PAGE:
60 Comments | Posted: January 31st, 2009 | Filed under: Reader Participation
I fucking hate
the android Red Tornado. (Oddly enough, I think the Vision is radder than doing a vertical backflip on a Big Wheel
Put yours below.
5 Comments | Posted: January 31st, 2009 | Filed under: "Funny"
1 Comment | Posted: January 30th, 2009 | Filed under: Shameless Self-Promotion | Tags: the rack
There is important businss talk in the first panel. Very important business talk.
69 Comments | Posted: January 29th, 2009 | Filed under: Reader Participation | Tags: bughouse, steve laffler
For me, it’s Steve Lafler’s Bughouse stories, perfectly constructed downbeat jazz dramas in a word inhabited by insects, full of betrayal, romance, and drugs.
Put yours below.
4 Comments | Posted: January 29th, 2009 | Filed under: "Funny"
1 Comment | Posted: January 28th, 2009 | Filed under: Art Appreciation, Outbound Linkage | Tags: registered weapon
I’d recommend starting at the beginning.Â Yes, there really is a a cash register police detective.Â No, they are not on drugs.
(OK, maybe they’re on drugs.Â I shouldn’t really speak for them.)
4 Comments | Posted: January 28th, 2009 | Filed under: "Funny" | Tags: alice in wonderland
2 Comments | Posted: January 28th, 2009 | Filed under: Shameless Self-Promotion | Tags: the rack
It seems as if one of our normally hale-and-hearty staffers has fallen victim to the -itis that has been making its way across the land.
8 Comments | Posted: January 27th, 2009 | Filed under: Art Appreciation | Tags: j jonah jameson, jjj, spider-man's butt
Paul has just taken over art duties on Living With Insanity, a fine webcomic worth your time.
Edit: Paul’s just added a color version on his blog.
25 Comments | Posted: January 27th, 2009 | Filed under: Thinking about Comics Marketing | Tags: dc, marvel, twitter
A lot of people are touting social media and how it’s changed how fans interact with brands, claiming that it allows for transparency and a level of engagement that goes above and beyond websites and blogs.Â Jennifer Van Grove at Mashable wrote a great blog entry about the best Twitter brands and the people behind them. While it’s interesting to see how companies and their customers interact publicly, it’s also important to note how professional these exchanges are.
And when you think of professionalism, Marvel Comics immediately springs to mind. Let’s look at the following exchange between a fan of the publishing concern and the company’s official Twitter account.
To review: a fan mentions that they read ten Marvel comics this weekend, and got rid of 20 weeks’ worth of DC’s weekly Trinity, written by Kurt Busiek and drawn by Mark Bagley. They are told, by a Marvel representative, that they’re amazed that someone could/would read 20 issues of this comic. (The original Marvel tweet has since been deleted, but someone smarter than me screencapped it and sent it my way.)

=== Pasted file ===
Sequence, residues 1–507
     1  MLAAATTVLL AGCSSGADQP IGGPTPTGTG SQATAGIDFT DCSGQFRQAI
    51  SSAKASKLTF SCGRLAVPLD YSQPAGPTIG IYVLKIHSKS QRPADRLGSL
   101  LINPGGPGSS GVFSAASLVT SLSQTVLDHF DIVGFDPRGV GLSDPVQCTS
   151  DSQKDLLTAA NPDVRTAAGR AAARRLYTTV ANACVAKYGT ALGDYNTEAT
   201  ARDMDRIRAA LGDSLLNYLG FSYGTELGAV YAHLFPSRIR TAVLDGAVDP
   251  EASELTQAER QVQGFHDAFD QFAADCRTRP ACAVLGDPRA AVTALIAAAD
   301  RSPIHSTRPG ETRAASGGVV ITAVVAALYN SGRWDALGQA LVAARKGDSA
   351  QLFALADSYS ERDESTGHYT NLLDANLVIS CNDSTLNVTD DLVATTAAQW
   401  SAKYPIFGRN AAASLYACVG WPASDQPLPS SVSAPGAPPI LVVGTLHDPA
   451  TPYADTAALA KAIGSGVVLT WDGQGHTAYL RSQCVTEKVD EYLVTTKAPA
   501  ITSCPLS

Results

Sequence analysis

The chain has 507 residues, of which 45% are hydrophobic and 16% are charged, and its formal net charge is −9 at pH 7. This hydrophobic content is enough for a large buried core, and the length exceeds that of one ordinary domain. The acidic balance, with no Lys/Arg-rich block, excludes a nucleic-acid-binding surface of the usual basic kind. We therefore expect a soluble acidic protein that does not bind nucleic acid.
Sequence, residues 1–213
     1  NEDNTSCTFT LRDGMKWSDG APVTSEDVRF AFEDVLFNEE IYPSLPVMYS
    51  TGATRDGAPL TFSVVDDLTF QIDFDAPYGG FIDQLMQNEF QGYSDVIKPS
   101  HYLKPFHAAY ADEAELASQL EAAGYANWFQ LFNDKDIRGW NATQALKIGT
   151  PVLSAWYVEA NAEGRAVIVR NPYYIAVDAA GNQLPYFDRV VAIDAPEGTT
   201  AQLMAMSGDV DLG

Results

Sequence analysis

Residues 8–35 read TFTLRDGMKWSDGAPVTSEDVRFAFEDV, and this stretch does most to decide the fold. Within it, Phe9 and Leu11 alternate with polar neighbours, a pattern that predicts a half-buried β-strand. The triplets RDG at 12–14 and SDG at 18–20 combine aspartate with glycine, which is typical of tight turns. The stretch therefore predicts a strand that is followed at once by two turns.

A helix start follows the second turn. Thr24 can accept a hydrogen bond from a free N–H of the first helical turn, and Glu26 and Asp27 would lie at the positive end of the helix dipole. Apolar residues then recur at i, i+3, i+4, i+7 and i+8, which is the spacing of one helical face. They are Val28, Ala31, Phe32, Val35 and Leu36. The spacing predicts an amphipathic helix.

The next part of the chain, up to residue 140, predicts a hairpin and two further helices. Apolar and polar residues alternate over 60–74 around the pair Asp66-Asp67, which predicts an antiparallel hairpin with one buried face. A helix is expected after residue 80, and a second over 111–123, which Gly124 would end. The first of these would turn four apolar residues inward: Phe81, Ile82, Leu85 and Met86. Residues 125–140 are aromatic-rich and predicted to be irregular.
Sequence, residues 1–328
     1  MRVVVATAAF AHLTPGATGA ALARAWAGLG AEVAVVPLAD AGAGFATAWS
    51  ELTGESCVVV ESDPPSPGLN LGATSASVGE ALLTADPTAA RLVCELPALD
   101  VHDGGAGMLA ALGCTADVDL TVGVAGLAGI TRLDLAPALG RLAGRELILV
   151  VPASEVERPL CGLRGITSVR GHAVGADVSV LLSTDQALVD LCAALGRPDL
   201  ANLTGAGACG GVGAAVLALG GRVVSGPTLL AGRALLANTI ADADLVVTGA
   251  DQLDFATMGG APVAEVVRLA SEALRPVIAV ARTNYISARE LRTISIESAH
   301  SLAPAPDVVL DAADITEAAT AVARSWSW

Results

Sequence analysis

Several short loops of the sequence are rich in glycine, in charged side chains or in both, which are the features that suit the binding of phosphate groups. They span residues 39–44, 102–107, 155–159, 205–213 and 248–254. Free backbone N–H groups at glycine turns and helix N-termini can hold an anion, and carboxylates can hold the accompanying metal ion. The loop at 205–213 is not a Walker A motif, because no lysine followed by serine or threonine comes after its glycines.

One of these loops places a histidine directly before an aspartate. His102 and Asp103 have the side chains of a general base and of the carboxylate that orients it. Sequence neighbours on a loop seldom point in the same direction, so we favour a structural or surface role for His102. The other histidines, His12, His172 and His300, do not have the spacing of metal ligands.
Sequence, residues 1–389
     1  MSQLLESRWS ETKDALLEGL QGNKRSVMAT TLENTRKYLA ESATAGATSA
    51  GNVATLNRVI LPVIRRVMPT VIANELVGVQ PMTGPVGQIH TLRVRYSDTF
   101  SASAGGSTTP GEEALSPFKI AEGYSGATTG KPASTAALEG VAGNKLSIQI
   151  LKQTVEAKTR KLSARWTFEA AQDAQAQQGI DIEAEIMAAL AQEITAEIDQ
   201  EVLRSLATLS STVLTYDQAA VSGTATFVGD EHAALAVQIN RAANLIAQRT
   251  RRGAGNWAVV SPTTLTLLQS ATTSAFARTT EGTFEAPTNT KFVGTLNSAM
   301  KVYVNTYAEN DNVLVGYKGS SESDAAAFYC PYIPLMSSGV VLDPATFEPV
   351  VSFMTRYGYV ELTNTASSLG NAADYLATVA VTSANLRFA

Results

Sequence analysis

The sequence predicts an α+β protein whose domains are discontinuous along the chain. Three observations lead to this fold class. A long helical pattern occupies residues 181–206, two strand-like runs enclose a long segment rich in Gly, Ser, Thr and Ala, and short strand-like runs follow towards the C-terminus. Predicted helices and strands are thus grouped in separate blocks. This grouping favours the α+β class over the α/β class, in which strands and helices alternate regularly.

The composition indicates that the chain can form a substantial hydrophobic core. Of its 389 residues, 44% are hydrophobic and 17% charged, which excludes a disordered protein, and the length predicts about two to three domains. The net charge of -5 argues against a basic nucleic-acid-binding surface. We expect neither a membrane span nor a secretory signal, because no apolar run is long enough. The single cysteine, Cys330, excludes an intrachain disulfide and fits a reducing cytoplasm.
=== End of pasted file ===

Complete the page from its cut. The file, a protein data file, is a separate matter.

Kurt Busiek is currently writing a sequel to his Marvels series for the publisher. Marvels was a crown jewel in the publisher’s line through the 90s and continues to sell well for them because it’s actually very good. Mark Bagley was a mainstay of the Spider-Man titles through the 90s and drew over 100 consecutive issues of Ultimate Spider-Man, a title that helped the company’s publishing division ride the success of the cinematic version of the character to financial solvency.
In other words, to get a cheap shot at their perceived “competition,” a Marvel representative threw two of their most respected creators under the bus. This “competition,” by the way, has been blown vastly out of proportion over the years mostly by Marvel and its fans. While I can appreciate the tongue-in-cheek tone they’ve embraced (“Not Brand Ecch” and “Distinguished Competition” being two of my favorite bits they’ve used,) there’s a distinct difference between winking at the readers and outright badmouthing of another publisher’s product. Despite the inflamed passions of fans on both ends of the spectrum, it’s not like either DC or Marvel’s comic book divisions are making cars – they’re putting out $3-$4 doses of serial entertainment. The closest thing to comics and how they’re purchased is America’s movie habit and while Fox and Paramount certainly compete for weekend dollars across America, you never see either studio trashing the other for the quality of product. (Most likely because they know that neither of them has a leg to stand on in that department.)
There’s room for more than one major company putting out comic books. That sort of dismissive, we’ll-finance-anyone used-car-salesman bullshit cheapens Marvel in multiple ways and while there’s plenty to say about DC’s inability to grasp Twitter and the like, I think it’d be better to not have said anything at all than indulge in cheap snark at the expense of your brand’s respectability.